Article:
|Note Sully's JEANRICHARD watch.|
Lean and handsome, in a my-generation-sort-of-way, Sully would have fit in with all the other beautiful celebrities walking the Oscar night red carpet and modeling the designer duds and valuable accessories of luxury goods manufacturers. But Hollywood isn't his world. (Perhaps if he'd occupied even a small part of Tinsel Town, the movie Flight might not have been such an unintentional fantasy from reality.)
The company that can claim to have won Sully's first product endorsement is JEANRICHARD, a high-end Swiss watch manufacturer whose products range from the economy priced $3500 to $6400 timepieces. Sully flew his last for US Airways 3 years ago, and I'm guessing his airline didn't present him with just this kind of watch on his retirement.
With the May 2012 publication of Making a Difference, a business book that wrapped up his two-book deal with HarperCollins, Sully seems to have left the world of aviation behind. During the publicity tour in New York, he shared a stage with boldface-named leaders and executives and the word "airplane" hardly arose. From my seat in the packed auditorium I watched as the crowd hung on his every word and I thought to myself, "Well, he's moved on."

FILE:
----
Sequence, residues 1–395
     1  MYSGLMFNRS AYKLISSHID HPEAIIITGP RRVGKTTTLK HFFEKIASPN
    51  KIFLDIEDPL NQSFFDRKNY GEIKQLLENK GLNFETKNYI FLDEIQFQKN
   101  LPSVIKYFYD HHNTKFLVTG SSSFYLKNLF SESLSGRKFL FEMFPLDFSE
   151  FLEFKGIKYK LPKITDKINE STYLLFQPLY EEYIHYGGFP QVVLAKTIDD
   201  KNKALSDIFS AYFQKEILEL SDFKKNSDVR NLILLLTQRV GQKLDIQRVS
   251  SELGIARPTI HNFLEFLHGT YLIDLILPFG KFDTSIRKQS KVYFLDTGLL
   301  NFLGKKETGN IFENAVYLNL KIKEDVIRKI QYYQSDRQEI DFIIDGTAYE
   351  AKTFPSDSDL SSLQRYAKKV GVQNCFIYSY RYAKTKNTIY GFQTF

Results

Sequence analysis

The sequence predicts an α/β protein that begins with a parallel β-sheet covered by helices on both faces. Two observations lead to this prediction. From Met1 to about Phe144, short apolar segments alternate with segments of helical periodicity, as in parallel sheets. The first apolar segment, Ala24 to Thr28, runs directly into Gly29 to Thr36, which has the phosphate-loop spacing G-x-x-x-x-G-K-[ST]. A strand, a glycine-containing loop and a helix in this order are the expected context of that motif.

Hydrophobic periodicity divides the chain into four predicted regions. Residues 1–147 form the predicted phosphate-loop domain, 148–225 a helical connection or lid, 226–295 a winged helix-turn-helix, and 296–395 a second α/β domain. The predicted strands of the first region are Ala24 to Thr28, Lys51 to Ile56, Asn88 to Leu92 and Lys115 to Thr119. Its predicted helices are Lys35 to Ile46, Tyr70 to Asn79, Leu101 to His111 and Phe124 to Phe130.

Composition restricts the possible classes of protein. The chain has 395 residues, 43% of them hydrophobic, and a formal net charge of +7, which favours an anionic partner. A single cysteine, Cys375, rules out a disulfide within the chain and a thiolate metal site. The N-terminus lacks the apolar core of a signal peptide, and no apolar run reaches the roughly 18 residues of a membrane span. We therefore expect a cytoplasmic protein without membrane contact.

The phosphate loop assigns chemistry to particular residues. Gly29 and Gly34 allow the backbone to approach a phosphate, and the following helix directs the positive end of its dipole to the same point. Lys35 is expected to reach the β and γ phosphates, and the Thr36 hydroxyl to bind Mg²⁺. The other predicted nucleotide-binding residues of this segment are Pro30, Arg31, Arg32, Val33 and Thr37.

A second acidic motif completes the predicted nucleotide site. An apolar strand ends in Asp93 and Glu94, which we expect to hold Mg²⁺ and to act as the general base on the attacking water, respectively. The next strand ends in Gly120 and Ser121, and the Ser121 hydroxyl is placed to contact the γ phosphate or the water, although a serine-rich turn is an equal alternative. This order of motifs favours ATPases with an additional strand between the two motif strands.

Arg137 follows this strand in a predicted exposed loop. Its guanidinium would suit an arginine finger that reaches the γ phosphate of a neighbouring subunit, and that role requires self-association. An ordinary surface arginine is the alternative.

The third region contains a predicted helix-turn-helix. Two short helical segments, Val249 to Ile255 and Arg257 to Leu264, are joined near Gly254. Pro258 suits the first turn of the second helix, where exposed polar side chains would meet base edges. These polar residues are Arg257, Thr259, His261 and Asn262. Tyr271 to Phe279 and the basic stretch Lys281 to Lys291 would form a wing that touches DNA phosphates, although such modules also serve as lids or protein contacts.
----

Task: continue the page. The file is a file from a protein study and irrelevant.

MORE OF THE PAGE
So Monday night, when JEANRICHARD hosted a dinner at the trendy Standard Hotel on New York's also-trendy High Line, to celebrate the 2 year deal with the most famous brand ambassador the watch company has ever had, I asked Sully what it was like to be removed from the business that delivered him to this place. He answered that he is grateful and still often surprised at the way his life has changed.
|Ashika Pratt and Isaac Hinden-Miller my dinner seatmates|
When I reviewed Sully's first book, Highest Duty, which was co-authored by my friend, the late-Jeff Zaslow, I was struck at how well it portrayed the life of an ordinary Airbus driver, humping like every other pilot in a volatile industry, trying to get enough sleep to fly safe and make enough money to put the kids through college.
A well-written biography - and Highest Duty is such a biography - can lead the reader to believe they know the subject. But after watching Sully in impeccable suit, fashionably sans tie with a JEANRICHARD watch peeking from a perfect-length cuff, I realized there's more to the Sullenberger story. Capt. Brand Ambassador better hang on to that fancy watch because only time will tell where this path of re-invention may take him.